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Le Bourget

 

Le Bourget is a French commune located in the department of Seine-Saint-Denis in the Île-de-France region. A small village before industrialization, Le Bourget experienced some battles during the Franco-German war of 1870. Nevertheless, the town is best known for hosting the Paris-Le Bourget airport, which is open to national and international commercial traffic. regular and private planes. Opened in 1919, it was the first civil airport in Paris and remained the only one until the construction of Orly airport. The history of the city is also strongly linked to aeronautics. Le Bourget also houses the Air and Space Museum and hosts the Paris-Le Bourget international aeronautics and space show every two years.

 

History

Prehistory and Antiquity
In the Gallo-Roman era, a busy path was located near the current site of Le Bourget. It is therefore quite natural that men settle on the current territory of the municipality.

Middle Ages
The first mention of the place dates from 1134, when Louis VI ceded the land of Bourget to the abbey of Montmartre. Le Bourget was then an agricultural village linked to Paris by the Route des Flandres, a former Roman road.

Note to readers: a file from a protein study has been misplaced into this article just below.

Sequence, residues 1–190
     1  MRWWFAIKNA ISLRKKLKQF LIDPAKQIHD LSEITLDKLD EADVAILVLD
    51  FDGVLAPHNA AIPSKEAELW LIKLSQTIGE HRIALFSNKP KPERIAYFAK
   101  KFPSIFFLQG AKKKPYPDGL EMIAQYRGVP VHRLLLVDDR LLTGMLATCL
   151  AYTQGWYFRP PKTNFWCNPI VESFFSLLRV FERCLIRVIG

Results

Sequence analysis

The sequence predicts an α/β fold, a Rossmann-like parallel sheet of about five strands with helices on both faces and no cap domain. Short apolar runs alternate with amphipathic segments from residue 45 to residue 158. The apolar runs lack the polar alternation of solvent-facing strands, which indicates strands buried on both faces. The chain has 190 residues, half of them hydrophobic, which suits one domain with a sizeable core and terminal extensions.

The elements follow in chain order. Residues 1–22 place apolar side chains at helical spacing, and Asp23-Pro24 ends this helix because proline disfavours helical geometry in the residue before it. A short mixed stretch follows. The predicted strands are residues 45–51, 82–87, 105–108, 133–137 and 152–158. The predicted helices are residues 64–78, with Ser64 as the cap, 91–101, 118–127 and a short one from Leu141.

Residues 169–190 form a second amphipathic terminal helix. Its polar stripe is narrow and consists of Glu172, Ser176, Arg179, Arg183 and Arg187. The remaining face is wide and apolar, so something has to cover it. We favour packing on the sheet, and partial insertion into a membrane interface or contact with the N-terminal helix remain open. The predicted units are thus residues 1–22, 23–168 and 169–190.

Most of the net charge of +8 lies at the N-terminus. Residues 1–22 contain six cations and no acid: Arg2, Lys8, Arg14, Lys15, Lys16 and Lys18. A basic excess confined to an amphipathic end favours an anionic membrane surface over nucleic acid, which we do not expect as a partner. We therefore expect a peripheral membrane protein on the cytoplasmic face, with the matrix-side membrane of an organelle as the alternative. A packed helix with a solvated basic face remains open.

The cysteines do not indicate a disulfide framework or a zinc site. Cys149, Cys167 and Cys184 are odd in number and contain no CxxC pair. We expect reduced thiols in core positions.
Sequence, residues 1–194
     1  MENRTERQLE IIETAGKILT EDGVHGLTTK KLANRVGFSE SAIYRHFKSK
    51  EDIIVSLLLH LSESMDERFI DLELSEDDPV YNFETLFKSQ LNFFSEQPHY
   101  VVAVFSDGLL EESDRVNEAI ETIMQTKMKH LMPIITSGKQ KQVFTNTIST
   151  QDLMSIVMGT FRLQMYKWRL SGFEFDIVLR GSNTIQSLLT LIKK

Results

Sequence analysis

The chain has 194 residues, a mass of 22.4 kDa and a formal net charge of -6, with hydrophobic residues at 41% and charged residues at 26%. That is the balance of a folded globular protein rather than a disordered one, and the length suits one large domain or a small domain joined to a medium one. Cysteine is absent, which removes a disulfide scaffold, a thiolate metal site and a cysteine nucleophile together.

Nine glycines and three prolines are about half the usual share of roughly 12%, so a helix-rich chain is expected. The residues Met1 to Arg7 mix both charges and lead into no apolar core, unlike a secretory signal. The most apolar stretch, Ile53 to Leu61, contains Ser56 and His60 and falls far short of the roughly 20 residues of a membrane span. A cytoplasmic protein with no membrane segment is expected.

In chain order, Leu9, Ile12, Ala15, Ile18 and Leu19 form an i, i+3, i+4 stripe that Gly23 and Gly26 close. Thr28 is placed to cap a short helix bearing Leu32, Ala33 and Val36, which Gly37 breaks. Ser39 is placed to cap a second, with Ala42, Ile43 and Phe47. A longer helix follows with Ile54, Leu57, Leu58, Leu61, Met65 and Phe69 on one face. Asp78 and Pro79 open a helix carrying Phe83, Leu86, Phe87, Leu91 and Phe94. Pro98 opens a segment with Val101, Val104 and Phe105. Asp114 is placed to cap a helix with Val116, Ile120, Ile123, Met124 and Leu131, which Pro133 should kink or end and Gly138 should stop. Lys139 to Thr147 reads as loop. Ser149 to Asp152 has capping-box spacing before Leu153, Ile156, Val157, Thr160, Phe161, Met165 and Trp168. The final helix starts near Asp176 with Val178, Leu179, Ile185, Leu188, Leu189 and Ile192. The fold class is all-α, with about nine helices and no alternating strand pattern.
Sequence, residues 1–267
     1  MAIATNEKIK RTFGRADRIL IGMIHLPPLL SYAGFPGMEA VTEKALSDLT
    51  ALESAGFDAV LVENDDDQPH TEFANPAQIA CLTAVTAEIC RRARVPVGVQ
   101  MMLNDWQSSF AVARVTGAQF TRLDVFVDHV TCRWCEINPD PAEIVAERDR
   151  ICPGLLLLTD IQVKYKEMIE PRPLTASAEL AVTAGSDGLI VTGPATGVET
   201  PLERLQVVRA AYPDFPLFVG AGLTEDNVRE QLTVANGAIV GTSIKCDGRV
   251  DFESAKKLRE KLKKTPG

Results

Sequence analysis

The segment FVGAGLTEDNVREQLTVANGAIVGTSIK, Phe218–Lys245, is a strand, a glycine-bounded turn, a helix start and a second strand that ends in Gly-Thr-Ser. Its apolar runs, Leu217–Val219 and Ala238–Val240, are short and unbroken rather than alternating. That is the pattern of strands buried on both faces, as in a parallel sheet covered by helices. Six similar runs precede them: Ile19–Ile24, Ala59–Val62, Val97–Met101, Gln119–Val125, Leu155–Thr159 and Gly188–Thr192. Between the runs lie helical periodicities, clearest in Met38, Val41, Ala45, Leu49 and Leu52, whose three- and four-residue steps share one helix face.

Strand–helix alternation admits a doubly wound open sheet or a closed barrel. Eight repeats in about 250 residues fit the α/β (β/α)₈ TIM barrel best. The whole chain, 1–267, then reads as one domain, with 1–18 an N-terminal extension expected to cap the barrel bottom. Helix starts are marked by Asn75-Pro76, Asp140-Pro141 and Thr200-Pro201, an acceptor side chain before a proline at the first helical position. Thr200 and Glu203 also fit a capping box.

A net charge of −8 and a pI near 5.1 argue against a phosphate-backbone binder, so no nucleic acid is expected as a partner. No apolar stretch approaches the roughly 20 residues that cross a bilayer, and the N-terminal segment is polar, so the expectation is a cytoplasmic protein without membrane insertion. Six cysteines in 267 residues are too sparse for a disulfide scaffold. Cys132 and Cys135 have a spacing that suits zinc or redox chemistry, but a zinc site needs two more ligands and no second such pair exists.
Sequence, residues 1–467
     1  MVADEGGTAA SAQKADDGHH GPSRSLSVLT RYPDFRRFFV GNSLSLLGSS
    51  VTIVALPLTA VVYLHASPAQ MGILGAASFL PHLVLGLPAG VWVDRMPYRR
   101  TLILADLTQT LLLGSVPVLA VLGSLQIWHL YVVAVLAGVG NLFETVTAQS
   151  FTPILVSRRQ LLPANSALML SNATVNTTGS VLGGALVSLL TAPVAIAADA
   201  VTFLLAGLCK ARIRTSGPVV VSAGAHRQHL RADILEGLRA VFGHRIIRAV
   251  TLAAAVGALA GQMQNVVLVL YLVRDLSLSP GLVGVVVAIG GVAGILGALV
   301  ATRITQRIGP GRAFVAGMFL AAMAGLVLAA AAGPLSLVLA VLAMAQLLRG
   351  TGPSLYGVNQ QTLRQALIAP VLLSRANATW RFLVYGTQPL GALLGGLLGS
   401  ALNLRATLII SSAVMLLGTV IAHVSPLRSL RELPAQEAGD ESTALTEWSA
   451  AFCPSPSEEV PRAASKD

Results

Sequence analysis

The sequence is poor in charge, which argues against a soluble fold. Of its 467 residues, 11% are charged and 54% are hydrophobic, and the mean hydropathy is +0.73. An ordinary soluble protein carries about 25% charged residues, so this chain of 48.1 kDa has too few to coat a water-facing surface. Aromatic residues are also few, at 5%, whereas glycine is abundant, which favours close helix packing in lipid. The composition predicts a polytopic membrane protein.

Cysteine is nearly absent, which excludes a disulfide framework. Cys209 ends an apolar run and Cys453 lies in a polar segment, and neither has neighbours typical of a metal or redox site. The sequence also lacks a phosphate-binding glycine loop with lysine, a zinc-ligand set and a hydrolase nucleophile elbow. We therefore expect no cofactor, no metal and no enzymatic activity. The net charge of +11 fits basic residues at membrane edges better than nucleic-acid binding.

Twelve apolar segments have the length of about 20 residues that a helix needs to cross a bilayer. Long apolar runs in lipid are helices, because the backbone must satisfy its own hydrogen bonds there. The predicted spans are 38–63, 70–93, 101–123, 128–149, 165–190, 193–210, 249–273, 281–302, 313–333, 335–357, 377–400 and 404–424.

In the eleventh century, the old hamlet of Burgellum had a leper colony. Le Bourget also housed taverns on the Flanders route from the eleventh century, and a post house created in the fifteenth century. Horses rented at the level of the current avenue Jean-Jaurès, reinforced the teams of the carts going up the rue de Flandre until beyond the Saint-Nicolas church.

Modern times
In 1573, the nuns of Montmartre exchanged 60 pounds of annuity to be taken on the Bourget with Antoine de Brolly, lord of Ménil.

From the end of the 16th century, the seigneury of Bourget was most often grouped together with that of Blanc-Mesnil. In 1580, Nicolas Potier was thus Lord of Bourget, as was René Potier, one of his descendants, who bore the title of Lord of Blanc-Mesnil and Bourget in 1646-1680. Until 1700, the village was in fact under the obedience of the lords of Blanc-Mesnil, but on the death of Mademoiselle de Blanc-Mesnil, the last heiress, Bourget decided to gain administrative autonomy. and to separate from the guardianship of the parish of Dugny.